Deconstructing a Few Photo Clichés

by | Aug 24, 2021

Today’s Rant by Joe Farace Photography

Every photographer has heard this one, nauseatingly more than once: “That’s a really good picture, you must really have a good camera.” Because he got tired of hearing that same lament, years ago the late and legendary Baltimore Sun photographer, A. Aubrey Bodine tossed this cliche in the bin when he shoot an assignment using a Kodak box camera instead of the 4×5 camera he typically used. The results were stunning because it is and always was true that it’s the photographer not the camera.

How I Made this Photo: When people view the image, at left, that I made at the Baltimore Streetcar Museum I made at the Baltimore Streetcar Museum and is one of my favorite photographs, I’m often told, “That’s just a lucky shot.” Maybe it is and maybe it isn’t. Click the link and you can read more about how I shot this photograph —on film.

When looking at a photograph of the Taj Mahal shot at sunset you might hear people say. “That’s a really good picture…” Is it? All we really know for sure that the person who made the photograph could afford a trip to India. Too often landscape and travel photography gets treated like that old real estate adage, “location, location and location” or the old press photographer’s adage, “F/8 and be there.” But sometimes that last one is true.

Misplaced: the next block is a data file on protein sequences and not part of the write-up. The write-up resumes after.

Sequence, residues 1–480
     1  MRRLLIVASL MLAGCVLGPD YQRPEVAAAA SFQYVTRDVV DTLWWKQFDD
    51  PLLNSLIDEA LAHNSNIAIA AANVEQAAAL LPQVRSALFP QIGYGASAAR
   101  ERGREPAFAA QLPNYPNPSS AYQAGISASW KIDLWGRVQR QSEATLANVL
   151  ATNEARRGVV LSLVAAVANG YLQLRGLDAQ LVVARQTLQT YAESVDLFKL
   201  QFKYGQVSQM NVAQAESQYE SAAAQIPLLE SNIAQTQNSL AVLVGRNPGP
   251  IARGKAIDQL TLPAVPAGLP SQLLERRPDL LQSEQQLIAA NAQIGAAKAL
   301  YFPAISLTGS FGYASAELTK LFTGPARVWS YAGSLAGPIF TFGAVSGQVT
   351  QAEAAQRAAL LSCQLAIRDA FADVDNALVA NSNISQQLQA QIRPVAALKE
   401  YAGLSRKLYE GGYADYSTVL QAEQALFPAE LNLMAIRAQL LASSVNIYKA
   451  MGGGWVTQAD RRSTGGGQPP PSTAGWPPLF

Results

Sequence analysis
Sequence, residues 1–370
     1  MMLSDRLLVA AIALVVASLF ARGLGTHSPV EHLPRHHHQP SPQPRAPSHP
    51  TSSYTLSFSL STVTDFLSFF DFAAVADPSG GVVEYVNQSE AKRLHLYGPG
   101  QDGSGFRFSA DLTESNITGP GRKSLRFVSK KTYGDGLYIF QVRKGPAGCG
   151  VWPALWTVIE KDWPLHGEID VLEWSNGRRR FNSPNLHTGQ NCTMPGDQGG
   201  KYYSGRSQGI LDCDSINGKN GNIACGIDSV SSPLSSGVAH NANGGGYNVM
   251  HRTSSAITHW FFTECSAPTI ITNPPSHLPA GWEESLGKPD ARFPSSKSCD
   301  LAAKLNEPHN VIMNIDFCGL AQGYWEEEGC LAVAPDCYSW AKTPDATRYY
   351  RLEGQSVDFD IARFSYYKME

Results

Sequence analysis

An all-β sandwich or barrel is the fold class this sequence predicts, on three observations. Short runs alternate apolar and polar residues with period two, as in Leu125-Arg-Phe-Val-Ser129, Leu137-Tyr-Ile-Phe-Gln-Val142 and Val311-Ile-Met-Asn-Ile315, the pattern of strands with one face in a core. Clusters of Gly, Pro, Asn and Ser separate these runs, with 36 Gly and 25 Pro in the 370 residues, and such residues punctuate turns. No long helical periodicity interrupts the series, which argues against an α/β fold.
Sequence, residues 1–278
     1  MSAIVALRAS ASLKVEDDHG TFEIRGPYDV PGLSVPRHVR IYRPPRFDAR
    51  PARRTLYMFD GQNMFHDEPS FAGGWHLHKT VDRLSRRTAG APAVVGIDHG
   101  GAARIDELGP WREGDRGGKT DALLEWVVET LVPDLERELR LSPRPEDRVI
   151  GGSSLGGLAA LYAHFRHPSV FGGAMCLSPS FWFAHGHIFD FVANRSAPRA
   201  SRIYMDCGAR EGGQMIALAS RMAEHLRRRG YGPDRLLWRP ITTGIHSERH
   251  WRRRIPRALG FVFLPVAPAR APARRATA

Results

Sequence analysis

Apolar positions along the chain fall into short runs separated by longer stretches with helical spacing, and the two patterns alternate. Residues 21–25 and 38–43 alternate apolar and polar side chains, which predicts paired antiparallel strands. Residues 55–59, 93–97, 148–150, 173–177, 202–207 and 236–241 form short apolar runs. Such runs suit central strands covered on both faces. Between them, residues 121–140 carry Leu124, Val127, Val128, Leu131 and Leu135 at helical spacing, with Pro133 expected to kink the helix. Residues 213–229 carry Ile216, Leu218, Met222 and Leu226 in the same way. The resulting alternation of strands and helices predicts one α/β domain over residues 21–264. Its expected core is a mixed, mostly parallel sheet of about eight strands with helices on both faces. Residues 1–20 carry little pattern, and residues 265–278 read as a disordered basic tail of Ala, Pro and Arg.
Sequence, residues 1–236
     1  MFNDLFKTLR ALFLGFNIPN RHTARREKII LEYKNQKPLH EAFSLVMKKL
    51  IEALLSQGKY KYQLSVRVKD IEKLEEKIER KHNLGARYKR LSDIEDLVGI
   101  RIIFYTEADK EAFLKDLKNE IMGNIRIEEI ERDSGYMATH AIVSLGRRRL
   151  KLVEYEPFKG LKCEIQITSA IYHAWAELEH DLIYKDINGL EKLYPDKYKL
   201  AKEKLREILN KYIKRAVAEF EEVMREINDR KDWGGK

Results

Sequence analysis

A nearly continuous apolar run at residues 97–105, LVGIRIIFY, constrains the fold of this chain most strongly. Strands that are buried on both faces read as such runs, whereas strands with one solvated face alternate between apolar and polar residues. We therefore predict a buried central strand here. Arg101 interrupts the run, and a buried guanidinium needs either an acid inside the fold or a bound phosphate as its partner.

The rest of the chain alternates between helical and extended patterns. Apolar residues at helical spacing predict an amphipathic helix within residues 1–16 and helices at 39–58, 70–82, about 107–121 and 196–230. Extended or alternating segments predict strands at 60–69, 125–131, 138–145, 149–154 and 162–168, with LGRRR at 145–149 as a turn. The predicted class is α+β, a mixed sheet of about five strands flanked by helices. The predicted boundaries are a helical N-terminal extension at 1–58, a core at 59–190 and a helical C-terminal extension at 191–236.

Writing in our book, Better Available Light Digital Photography, Barry Staver wrote, “Was Bob Jackson’s Pulitzer prize-winning photograph of Jack Ruby shooting Lee Harvey Oswald purely luck? Some have argued that Bob was in the right place at the right time and had his camera up and ready.” You see…

“The Dallas Times Herald assigned two photographers to cover Oswald’s departure from the police station where he was being held. The first photographer was stationed in front of the police station where prisoners were normally brought out. Jackson was relegated to an out of the way, seldom used entrance but the Dallas police decided to bring Oswald out the little used underground entrance. The loud report from Ruby’s pistol startled Jackson and caused him to trip his camera’s shutter. Other photographers near him did not get the same picture. He did not even know what was on his film until it was processed later and he held the negative up to the light. Lucky? Bob Jackson made his own luck that day. He stayed at his assigned spot, had his camera loaded, flash turned on, and had the camera up to his eye, ready to shoot.”

And now you really know the rest of that story.

light.bookIf you enjoyed today’s blog post and would like to treat Joe to a cup of Earl Grey tea ($2.50), click here.

Along with photographer Barry Staver, Joe is co-author of Better Available Light Digital Photograph with new copies are available from Amazon for $21.49 with used copies starting around nine bucks, as I write this.